Pokémon Gold (GBC)

I probably spent more time with the Analogue Pocket this year than I did the Switch; it really is a wonderful machine. I had some fun going into CeX stores to buy and repair old Game Boy games, and Pokémon Gold was one of my first victims.

I played Silver a very long time ago, long enough that I didn’t remember much at all. Recent Pokémon games have failed to really capture my attention, largely due to a perceived sameyness and the relative lack of difficulty. Perhaps it’s just because I’m older, I thought.

Pokémon Gold is tough as nails. I’ve wiped out several times in the 10 or so hours I’ve played. Pokémon was as tough as we remember it being, the games have genuinely got easier.

Knotwords (iOS)

The Wordle bug came for me this year just as much as anyone else, to the point where only once a day was just not enough. Enter the brilliantly-timed Knotwords, a game by Zach Gage and Jack Schlesigner, designers of the wonderful Good Sudoku.

Knotwords combines the best bits of Wordle with the best bits of crosswords and the wonderful design language of the creators’ previous game. I think you can play it for free, too. No reason not to give it a shot.

Ghostwire Tokyo (PS5)

I feel like Ghostwire Tokyo got massively overshadowed by the stuff it launched alongside, and that’s not necessarily unfair. However, it is a decent open world action game with a super cool setting and lovely visuals, and it’s worth looking at even if it appeals as nothing more than a super-detailed Tokyo to run around in.

OlliOlli World (Xbox)

I’d not played the other games in this series but after seeing rave reviews I was encouraged to give the latest entry a try. I’m glad I did - OlliOlli World is joyous. I’m not anywhere close to finishing it, but it’s a fantastic thing to dip into when I’m tired or a bit down.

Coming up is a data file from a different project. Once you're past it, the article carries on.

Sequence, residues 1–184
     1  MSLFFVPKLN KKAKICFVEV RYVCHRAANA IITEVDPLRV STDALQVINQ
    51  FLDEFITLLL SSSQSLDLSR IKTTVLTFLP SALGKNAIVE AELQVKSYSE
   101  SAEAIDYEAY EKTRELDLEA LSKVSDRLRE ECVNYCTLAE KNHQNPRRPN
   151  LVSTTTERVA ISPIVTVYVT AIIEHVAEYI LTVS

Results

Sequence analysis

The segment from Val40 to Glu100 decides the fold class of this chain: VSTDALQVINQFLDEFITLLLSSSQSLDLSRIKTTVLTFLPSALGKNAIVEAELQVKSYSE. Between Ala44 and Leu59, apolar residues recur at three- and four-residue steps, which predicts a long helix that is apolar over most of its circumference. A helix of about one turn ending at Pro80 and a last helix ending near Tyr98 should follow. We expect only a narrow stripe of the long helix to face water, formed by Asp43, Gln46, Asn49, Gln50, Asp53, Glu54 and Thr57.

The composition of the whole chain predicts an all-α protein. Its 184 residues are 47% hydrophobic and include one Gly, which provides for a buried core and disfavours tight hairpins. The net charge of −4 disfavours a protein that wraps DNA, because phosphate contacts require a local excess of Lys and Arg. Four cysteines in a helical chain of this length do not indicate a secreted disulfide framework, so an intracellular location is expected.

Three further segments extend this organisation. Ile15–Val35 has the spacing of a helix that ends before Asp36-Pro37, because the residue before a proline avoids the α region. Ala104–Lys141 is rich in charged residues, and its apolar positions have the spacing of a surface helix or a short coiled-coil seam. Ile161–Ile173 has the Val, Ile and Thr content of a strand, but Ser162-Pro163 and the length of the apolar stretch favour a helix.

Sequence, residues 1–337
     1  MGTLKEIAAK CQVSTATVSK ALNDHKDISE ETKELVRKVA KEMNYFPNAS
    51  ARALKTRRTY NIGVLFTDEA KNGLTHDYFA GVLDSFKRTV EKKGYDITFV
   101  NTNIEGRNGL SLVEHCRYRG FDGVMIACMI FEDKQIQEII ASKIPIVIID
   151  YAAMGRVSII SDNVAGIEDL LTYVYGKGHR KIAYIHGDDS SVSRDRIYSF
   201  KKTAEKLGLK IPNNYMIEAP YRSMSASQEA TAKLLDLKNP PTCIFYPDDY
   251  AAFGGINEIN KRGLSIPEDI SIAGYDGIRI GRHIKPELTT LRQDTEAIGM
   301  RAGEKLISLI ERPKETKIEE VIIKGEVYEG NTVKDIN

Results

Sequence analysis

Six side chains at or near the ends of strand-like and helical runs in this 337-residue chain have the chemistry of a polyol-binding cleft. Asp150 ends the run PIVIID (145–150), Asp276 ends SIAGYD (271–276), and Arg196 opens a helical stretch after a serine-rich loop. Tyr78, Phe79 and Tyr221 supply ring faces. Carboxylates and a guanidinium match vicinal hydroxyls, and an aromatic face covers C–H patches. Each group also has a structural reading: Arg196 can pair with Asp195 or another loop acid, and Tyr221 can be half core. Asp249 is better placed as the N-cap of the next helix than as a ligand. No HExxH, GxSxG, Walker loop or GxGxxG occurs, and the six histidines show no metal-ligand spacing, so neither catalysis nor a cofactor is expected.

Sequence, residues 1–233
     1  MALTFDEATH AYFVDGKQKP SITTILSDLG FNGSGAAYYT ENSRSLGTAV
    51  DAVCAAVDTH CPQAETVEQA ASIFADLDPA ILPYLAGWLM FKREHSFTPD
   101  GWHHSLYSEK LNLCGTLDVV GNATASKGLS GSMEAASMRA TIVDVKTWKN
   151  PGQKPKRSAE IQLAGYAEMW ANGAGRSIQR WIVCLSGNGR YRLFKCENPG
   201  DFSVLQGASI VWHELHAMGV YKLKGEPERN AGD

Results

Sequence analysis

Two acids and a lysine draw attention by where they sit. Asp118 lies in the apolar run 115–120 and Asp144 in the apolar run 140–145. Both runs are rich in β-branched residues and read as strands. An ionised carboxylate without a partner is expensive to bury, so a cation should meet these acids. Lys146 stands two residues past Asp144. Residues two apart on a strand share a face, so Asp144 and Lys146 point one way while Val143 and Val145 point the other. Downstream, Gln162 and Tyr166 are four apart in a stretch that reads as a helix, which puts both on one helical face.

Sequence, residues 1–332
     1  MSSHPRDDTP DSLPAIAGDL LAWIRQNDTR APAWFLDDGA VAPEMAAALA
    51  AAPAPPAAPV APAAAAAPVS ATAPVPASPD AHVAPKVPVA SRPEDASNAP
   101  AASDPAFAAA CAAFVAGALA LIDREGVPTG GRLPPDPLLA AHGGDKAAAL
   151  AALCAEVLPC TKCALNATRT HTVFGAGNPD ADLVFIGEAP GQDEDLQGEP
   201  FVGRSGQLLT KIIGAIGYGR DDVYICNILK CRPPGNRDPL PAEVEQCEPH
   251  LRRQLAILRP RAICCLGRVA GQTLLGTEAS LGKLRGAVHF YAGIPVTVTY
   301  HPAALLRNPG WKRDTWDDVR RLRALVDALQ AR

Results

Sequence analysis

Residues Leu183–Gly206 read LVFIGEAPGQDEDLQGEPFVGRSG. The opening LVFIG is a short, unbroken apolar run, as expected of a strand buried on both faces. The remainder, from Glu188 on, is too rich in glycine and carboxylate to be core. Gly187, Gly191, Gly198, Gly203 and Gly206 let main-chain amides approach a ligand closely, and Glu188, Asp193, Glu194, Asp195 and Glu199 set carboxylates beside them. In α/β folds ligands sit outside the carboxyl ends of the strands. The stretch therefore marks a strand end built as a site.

The Looker (PC)

The Looker is a skewering of The Witness, a game I really like made by a person I don’t. The Looker separates itself from the dross of other ‘parody’ games by being actually quite a good puzzle game in its own right, and by being really, genuinely funny.

Stray (PS5)

I played Stray with my partner, who is very much not into video games (we’re working on it) and we both had a great time. You get to be a cat! There’s a button just for going meow! You can knock things of ledges to be an utter bastard just like a real cat!

There’s a plot here which is quite nice if largely ignorable - the real joy is in being a cat (as mentioned) and exploring the detailed and often beautiful world the developers have created.

Xenoblade Chronicles (Wii/3DS)

I’d wanted to check this one out for many years, and the release of the very well-regarded Xenoblade Chronicles 3 gave me the push I needed to go back to the original.